Everyone is sounding cautious these days, especially if one works in technology. Hiring slowdowns at Apple and Microsoft. Job freezes at Google, Twitter, and Meta. Layoffs at Oracle, Tesla, and across startup land. Earlier last week, Snapchat posted its weakest revenue growth since going public in 2017. The share price of Snap Inc., the company behind the popular app, plunged 26% in after-hours trading. Shortly after, stock prices of digital-ad-dependent companies, including Meta, Alphabet, Twitter, and Pinterest, all fell.
Not having an ad-dependent business can be even worse. In the second quarter, Netflix lost nearly a million subscribers and its operating income fell 15%, as announced in its latest earnings report. That may be why a week prior, Netflix cemented a partnership with Microsoft’s programmatic ad platform to build a new ad ecosystem. It’s a desperate attempt to restore its revenue growth.
In the midst of turmoil, it’s easier to forget about the fundamentals. Of course, all companies will be affected by the general malice of economic uncertainties, including inflation, energy crisis, and gloomy consumer sentiment, but some companies are more resilient than others.
Microsoft, for one, said it expects its revenue and operating income to increase at a double-digit pace over the next 12 months. The company said it was attracting more large deals to its Azure cloud-computing software and moving clients to pricier versions of Office cloud programs. All were achieved despite hardware-production shutdowns in China and a worsening PC market that has hurt sales of the Windows operating system software to computer makers.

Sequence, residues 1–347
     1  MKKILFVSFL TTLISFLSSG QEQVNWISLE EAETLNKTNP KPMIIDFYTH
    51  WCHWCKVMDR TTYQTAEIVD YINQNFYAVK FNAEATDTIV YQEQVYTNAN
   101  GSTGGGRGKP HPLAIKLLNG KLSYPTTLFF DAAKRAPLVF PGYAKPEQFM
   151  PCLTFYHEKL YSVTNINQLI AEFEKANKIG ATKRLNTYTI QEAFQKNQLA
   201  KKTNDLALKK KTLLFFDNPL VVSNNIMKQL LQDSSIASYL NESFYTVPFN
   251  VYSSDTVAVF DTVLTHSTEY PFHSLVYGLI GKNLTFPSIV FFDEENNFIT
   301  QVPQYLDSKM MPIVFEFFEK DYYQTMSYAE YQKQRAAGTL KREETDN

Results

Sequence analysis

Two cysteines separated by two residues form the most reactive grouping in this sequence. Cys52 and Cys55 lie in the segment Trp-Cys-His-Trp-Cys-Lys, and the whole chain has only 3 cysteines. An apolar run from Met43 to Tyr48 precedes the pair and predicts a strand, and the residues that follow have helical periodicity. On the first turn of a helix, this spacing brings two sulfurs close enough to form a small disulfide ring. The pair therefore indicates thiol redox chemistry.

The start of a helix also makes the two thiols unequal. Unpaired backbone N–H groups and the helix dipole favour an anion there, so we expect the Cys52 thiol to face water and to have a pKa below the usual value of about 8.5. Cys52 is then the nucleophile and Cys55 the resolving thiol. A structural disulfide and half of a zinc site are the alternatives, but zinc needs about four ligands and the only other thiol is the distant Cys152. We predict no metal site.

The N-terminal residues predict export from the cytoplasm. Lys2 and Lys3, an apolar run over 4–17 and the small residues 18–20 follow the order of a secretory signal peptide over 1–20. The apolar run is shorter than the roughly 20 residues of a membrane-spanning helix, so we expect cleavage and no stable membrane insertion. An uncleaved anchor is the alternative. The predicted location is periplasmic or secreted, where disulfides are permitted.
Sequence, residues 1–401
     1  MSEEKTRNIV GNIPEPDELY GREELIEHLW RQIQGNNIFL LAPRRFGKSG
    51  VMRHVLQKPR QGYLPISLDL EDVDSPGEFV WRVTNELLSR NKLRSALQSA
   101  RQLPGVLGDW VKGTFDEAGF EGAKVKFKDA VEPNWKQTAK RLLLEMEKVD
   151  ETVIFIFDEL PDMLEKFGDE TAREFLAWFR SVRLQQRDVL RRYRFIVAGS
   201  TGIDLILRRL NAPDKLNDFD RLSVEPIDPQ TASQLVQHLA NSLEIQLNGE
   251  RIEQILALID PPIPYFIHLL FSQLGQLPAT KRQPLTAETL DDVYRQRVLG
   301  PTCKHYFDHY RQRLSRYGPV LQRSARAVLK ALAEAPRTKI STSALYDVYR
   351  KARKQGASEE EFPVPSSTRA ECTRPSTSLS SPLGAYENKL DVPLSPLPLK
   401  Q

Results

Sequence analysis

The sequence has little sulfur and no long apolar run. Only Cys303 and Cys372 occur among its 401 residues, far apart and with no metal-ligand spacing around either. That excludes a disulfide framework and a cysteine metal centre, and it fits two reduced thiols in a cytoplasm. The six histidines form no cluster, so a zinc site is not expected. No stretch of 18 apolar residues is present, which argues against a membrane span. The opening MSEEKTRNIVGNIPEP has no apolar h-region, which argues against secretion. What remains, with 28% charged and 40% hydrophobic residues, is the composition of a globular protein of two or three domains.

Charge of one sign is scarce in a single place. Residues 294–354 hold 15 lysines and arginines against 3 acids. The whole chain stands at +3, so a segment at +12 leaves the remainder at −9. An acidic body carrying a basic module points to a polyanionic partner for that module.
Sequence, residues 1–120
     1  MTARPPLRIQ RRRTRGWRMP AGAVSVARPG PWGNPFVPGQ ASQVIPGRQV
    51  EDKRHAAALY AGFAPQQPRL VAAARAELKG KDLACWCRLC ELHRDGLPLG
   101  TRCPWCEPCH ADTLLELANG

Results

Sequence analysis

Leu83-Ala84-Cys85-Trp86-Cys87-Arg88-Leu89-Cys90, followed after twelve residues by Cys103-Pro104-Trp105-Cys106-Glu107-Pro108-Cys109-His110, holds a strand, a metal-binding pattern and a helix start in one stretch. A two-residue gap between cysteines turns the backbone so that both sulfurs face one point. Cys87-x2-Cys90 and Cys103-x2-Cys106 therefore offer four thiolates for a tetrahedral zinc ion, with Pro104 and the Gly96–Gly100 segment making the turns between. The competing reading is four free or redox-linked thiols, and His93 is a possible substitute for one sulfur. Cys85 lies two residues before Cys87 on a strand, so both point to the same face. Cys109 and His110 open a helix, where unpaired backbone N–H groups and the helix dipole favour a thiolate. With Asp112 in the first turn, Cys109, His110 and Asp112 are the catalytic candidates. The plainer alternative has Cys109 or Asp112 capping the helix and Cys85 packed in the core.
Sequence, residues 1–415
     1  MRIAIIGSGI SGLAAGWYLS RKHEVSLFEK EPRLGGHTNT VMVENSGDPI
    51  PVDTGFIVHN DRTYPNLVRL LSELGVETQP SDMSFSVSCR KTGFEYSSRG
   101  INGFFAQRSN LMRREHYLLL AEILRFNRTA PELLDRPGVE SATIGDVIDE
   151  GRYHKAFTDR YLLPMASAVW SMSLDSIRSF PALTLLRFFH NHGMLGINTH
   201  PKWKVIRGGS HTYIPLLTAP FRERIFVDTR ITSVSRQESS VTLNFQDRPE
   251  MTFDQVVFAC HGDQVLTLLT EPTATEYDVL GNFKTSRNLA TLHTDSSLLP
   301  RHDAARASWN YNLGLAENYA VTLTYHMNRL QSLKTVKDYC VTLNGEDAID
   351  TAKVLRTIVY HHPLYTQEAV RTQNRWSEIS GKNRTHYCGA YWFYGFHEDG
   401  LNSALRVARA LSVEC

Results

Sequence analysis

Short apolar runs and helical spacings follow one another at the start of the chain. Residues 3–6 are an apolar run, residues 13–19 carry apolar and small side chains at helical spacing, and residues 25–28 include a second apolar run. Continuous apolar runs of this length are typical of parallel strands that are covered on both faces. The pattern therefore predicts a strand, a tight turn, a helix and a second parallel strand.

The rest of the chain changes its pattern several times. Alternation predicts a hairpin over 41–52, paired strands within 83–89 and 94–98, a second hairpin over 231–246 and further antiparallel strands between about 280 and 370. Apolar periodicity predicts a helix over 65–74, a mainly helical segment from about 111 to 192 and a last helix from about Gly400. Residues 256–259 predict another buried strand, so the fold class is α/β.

Such is an example of resilience under pressure. Microsoft has a more positive outlook because it is more future-ready than others. Under CEO Satya Nadella, Microsoft transitioned to a subscription model for its software offerings. It won big in cloud computing. It ramped up its product lineup on augmented reality. It scaled Azure, Microsoft 365, and HoloLens.
If you haven’t already seen, we at IMD have been ranking companies according to their future readiness. You can check out the rankings among companies in the technology sector. What’s interesting is that while the analysis was published at the end of last year, using the data points gathered in the year of 2021, you can see how that future readiness translates into business resilience as we are experiencing now.
The implication is this: The biggest danger when facing uncertainty is that it causes leaders to waver in their commitment. The deep secular trends are ignored; the company falls back to its prior inertia. The allure of short-term thinking is all too tempting. This is a painful lesson most vividly illustrated in the global auto industry. In this article, we look at how BYD, Hyundai, and, inescapably, Tesla, have behaved very differently from their competitors, which explains their future readiness.
And we can’t think about the future but forget about the present. In this article published by the MIT Sloan Management Review, we investigate how future thinking can derail your company’s present. To ensure that your efforts to be future-ready are met with the greatest chance of success, it’s critical to (1) ensure that you can live up to your promises (that is, don’t run before you can walk), (2) not neglect your core customers of today, (3) be willing to make tough decisions, and (4) embrace new talent while not forgetting your current employees.